Oral Rehearsal for Writing

Do your students say what they want to write before they write it?  Whether it is a short exit ticket, the resolution of the conflict in a narrative, a lab report, or something else, there is a lot of power in oral rehearsal at every age. 

An easy way to do an oral rehearsal with your students is to do a think-pair-share.  You may have heard of this strategy where students take a moment to think about the answer to your question, and then turn to a partner who is near them to share the answer. To complete the cycle, have students write what they shared.

Another way to set up oral rehearsal is for students to have writing partners.  Before writing, partners can share what they will write about based on the instructions for the day.  After they write, they can share their writing and get some feedback from the partner.  I like to set up partners for the length of the unit so that students can build that friendship that good writing partners need.

Yes, all of this takes modeling and practice.

This week I did a small experiment with two of my students who are learning English.  I asked them first to write about a movie and I gave them five minutes to write.  Then, I had each one tell us about a book that they liked.  Here is a picture of their answers.  I added a word count to each text.Screen Shot 2021-08-25 at 3.39.47 PM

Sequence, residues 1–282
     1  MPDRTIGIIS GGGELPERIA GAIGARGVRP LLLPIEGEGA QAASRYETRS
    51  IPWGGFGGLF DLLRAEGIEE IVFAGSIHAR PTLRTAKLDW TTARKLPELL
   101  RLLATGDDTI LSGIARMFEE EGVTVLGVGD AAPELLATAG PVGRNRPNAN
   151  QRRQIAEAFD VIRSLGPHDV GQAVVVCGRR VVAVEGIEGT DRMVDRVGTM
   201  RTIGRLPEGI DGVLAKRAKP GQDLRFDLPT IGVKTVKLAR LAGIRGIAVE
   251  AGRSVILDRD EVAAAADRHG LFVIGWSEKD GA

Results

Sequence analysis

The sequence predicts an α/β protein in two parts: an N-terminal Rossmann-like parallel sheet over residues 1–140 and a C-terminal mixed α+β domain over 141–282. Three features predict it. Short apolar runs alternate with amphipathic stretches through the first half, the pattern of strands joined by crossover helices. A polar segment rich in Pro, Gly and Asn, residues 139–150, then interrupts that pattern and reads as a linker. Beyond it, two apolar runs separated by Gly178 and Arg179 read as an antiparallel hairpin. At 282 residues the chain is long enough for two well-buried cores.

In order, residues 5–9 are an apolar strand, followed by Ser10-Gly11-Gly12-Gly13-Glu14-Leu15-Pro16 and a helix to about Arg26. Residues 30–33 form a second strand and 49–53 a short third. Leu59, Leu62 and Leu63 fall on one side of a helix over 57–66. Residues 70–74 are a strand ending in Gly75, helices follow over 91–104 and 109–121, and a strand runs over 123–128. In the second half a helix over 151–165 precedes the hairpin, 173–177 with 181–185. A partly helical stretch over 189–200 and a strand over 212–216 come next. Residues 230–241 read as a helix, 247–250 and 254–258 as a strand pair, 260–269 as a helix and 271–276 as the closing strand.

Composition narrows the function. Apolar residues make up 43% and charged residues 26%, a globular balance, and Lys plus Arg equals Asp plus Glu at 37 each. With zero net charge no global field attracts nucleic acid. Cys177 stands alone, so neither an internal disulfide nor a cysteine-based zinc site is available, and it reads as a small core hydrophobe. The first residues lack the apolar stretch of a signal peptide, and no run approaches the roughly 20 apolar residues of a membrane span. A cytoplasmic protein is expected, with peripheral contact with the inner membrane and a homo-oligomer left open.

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Sure there is lots to work on with their English, but look at the difference in language production!  Oral rehearsal is definitely worth the effort.

Ask Some Questions…

…and then wait for the answers.

Screen Shot 2021-08-23 at 2.09.56 PMTeachers, at times, argue about silly things.  Years ago I walked into a classroom and into heated discussion that pitted Bloom’s Taxonomy against Webb’s Depth of Knowledge.  (Really, I did!) While there were teachers on either side of the discussion, they were all arguing for the same thing: Good Questions!  After listening for a while, our literacy coach wondered aloud, “How about using both to get the students think in lots of different ways about many different ideas?”